2019
June
21
Friday

Welcome to your Daily. Today we look at what the U.S. wants from Iran, a college admissions case that tests the boundaries of forgiveness, how forest preservation can ease water woes, shows that highlight (and may help heal) social injustice, and the poignant subtext of “Toy Story 4.” 

First, a little bit about simple acts that can lift us all. 

This week I read a story that made me immediately think every Monitor subscriber should read this. So that is what I am going to ask you to do today. Please read this story.

To be honest, it’s too lovely to give away spoilers here. But I will say that this is the kind of story that most media put behind the wall of “good news” or “feel-good stories.” To me, the Monitor recognizes that it is so much more than that.

This story shows us that even when human life seems darkest and most hopeless, there is a light, even if it is just a scruffy stray dog named Chica. And it shows us that there is a Kenny in every one of us, and that we can profoundly change lives through the simple act of being good.

These are not just “feel good” lessons; they are intimate to each one of us, and they speak to our remarkable ability to, step by step, turn darkness into light.

Did you notice? This intro column looks different. Many of you say you want a quick take on the Daily’s contents to shorten your scroll. The links in the top paragraph will jump you to whichever story you choose. Helpful? Let me know at editor@csmonitor.com.

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1. Amid risk of US-Iran war, presidential signaling is key

Caught between a desire to punish Iran for downing a U.S. drone and a desire not to become entangled once again in the Middle East, the Trump administration faces a pivotal moment.

Mark
Meghdad Madadi/Tasnim News Agency/AP
In Tehran, Gen. Amir Ali Hajizadeh, head of the Revolutionary Guard's aerospace division, looks at debris Friday from what the division describes as the U.S. drone that was shot down on Thursday.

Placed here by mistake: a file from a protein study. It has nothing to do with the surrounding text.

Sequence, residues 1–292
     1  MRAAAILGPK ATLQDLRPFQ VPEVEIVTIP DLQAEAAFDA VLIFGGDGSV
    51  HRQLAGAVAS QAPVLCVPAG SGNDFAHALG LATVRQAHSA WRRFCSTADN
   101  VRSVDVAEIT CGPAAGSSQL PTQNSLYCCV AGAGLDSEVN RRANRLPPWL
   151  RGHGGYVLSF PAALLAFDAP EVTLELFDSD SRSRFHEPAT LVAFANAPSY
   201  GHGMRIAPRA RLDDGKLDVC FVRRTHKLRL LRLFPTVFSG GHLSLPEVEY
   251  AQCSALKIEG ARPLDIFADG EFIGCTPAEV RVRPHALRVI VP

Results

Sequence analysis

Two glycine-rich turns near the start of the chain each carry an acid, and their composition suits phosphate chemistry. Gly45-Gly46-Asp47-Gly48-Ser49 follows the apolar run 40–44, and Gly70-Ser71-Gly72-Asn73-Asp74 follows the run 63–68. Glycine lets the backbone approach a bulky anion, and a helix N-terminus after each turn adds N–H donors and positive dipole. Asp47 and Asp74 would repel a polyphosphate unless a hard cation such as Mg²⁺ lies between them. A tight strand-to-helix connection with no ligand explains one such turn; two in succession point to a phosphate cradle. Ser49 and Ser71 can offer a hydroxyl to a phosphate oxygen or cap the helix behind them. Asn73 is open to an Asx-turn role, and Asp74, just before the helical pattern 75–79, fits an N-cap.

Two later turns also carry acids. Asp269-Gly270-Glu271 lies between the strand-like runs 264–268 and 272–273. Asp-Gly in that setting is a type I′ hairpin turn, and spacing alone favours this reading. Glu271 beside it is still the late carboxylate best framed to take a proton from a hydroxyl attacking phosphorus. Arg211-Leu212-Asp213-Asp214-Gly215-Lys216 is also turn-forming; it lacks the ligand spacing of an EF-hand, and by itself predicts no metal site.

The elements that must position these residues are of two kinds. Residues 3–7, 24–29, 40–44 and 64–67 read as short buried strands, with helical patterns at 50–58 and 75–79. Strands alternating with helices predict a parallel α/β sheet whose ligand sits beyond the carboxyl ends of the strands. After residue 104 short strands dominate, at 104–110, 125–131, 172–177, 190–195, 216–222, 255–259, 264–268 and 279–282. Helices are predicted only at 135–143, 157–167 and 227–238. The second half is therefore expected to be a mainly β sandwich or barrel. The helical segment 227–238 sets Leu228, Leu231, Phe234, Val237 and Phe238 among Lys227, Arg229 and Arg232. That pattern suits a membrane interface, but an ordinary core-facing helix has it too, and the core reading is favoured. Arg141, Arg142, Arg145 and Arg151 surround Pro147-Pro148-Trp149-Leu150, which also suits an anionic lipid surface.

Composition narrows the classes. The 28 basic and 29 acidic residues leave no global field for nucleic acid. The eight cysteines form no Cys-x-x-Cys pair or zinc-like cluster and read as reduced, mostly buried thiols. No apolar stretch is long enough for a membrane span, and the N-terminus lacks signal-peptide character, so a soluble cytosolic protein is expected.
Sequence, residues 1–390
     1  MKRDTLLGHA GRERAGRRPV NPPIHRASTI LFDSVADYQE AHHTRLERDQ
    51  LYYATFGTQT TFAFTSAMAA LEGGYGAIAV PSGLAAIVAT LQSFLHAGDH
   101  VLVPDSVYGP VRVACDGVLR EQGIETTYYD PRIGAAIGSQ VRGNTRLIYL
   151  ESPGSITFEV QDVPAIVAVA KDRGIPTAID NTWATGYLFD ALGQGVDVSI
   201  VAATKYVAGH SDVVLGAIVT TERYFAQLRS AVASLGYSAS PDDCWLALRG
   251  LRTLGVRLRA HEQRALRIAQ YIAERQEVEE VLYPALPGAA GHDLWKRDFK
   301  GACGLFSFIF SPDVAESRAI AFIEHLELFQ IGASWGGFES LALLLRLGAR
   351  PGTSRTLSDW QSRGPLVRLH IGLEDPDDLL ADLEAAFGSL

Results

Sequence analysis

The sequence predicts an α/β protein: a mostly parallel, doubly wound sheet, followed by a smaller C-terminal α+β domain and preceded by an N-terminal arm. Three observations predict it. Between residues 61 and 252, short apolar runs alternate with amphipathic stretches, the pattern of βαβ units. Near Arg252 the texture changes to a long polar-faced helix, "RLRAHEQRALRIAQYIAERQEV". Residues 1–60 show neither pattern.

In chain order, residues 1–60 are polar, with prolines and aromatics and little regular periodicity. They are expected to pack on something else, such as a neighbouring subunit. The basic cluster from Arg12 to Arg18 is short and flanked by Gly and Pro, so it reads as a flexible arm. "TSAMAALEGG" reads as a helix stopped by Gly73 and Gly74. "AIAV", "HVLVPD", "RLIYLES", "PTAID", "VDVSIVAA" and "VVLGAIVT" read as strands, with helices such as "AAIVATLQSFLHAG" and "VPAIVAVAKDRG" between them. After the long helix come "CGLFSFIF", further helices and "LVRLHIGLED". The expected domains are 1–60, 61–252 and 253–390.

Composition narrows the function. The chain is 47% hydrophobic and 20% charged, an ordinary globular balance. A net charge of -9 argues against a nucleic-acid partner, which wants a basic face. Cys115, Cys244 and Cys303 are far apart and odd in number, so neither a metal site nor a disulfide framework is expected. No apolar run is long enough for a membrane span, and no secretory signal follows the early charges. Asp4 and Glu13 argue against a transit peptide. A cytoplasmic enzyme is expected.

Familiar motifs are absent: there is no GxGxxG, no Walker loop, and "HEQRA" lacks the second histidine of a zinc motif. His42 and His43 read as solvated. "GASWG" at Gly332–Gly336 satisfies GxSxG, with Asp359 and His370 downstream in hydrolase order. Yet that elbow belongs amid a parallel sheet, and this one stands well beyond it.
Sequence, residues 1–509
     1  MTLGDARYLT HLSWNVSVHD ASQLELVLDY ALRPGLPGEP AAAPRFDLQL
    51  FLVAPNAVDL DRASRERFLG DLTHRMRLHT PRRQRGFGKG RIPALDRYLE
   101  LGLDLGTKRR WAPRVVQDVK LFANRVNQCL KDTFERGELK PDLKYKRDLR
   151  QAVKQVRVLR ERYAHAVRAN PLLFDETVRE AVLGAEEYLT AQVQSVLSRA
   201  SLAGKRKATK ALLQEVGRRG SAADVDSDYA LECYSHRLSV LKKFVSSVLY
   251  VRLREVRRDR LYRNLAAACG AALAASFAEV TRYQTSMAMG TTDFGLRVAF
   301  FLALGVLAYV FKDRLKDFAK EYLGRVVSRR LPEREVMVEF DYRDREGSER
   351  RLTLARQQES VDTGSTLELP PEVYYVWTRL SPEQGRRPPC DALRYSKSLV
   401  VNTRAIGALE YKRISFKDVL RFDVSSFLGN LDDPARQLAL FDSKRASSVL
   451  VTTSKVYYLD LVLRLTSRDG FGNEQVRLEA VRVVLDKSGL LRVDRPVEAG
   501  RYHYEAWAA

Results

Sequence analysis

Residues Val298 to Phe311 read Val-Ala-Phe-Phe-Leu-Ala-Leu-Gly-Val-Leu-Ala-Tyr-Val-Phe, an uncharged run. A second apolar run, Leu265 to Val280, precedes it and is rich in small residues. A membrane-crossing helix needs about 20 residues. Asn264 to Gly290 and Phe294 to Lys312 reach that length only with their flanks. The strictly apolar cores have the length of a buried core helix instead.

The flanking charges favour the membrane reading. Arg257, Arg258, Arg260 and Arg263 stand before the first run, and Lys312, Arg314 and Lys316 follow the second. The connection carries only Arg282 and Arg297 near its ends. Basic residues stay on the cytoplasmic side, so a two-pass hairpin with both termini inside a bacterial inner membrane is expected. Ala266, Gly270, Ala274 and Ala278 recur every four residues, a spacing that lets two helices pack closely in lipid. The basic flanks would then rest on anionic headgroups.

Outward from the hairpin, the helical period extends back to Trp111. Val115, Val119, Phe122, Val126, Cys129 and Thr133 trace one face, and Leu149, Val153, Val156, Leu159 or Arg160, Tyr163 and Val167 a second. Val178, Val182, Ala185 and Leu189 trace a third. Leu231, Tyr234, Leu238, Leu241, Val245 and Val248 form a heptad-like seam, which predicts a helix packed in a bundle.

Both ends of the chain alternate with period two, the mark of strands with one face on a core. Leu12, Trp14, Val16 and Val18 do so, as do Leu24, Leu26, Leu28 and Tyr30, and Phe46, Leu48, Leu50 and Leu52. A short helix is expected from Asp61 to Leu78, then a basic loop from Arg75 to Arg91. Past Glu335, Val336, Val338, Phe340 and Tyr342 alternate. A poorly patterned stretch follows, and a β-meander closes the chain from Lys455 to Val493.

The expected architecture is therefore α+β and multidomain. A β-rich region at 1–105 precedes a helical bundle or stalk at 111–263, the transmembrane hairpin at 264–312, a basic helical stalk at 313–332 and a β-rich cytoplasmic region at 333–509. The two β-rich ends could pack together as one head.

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President Donald Trump’s Iran strategy seems to be a policy of two approaches running at full tilt in opposite directions. In canceling an armed attack on Iranian military sites Thursday night, Mr. Trump appeared to show restraint and a desire to keep American actions proportional to Iranian provocations. In the jargon of international relations theory, he was being de-escalatory, in the sort of way that just might open a window to diplomacy.

But of course it was Mr. Trump himself who had ordered the launching of the attack he pulled back. In the nonwake of an action that he decided should not happen after all, the president continued to talk in a bellicose manner. On Friday he tweeted that the U.S. military remained “ready to go.”

“It still leaves us in a very tense situation that could rapidly escalate,” says Barbara Slavin, director of the Future of Iran Initiative at the Atlantic Council. 

Hard-liners on both sides may want further confrontation for their own purposes. If Mr. Trump truly does not want to involve the U.S. in another Middle East conflict that produces another failed or tottering state, now is the time for negotiators to start talking, Ms. Slavin says. 

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Amid risk of US-Iran war, presidential signaling is key

President Donald Trump’s extraordinary Thursday evening approval and cancellation of an attack on Iran has not de-escalated a very tense situation so much as paused it, while wrapping American intentions in yet another layer of mystery.

But a pause could be better than a continued upward spiral. By refraining from a kinetic response to Iran’s shoot-down of a Global Hawk surveillance drone, Mr. Trump, purposefully or not, could allow Iran the opportunity to come to the negotiating table as a comparative equal. The Iranians would not appear to be compelled to bargain by the weight of U.S. bombs, according to Rob Malley, president of the International Crisis Group and a former Middle East adviser in the Obama administration.

“Perhaps his decision (so far) not to strike Iran opens up [a] small window for diplomacy,” tweeted Mr. Malley on Friday.

In a larger sense, U.S. strategy on Iran now appears to be the equivalent of two trains on different tracks, proceeding full speed in opposite directions.

In canceling a military strike reportedly after planes were airborne and ships moving into position, Mr. Trump appeared eager to publicly show restraint and a desire to respond proportionately to Iranian provocations. This would be consistent with his “America First” promise as a candidate to keep the U.S. out of endless Middle Eastern wars.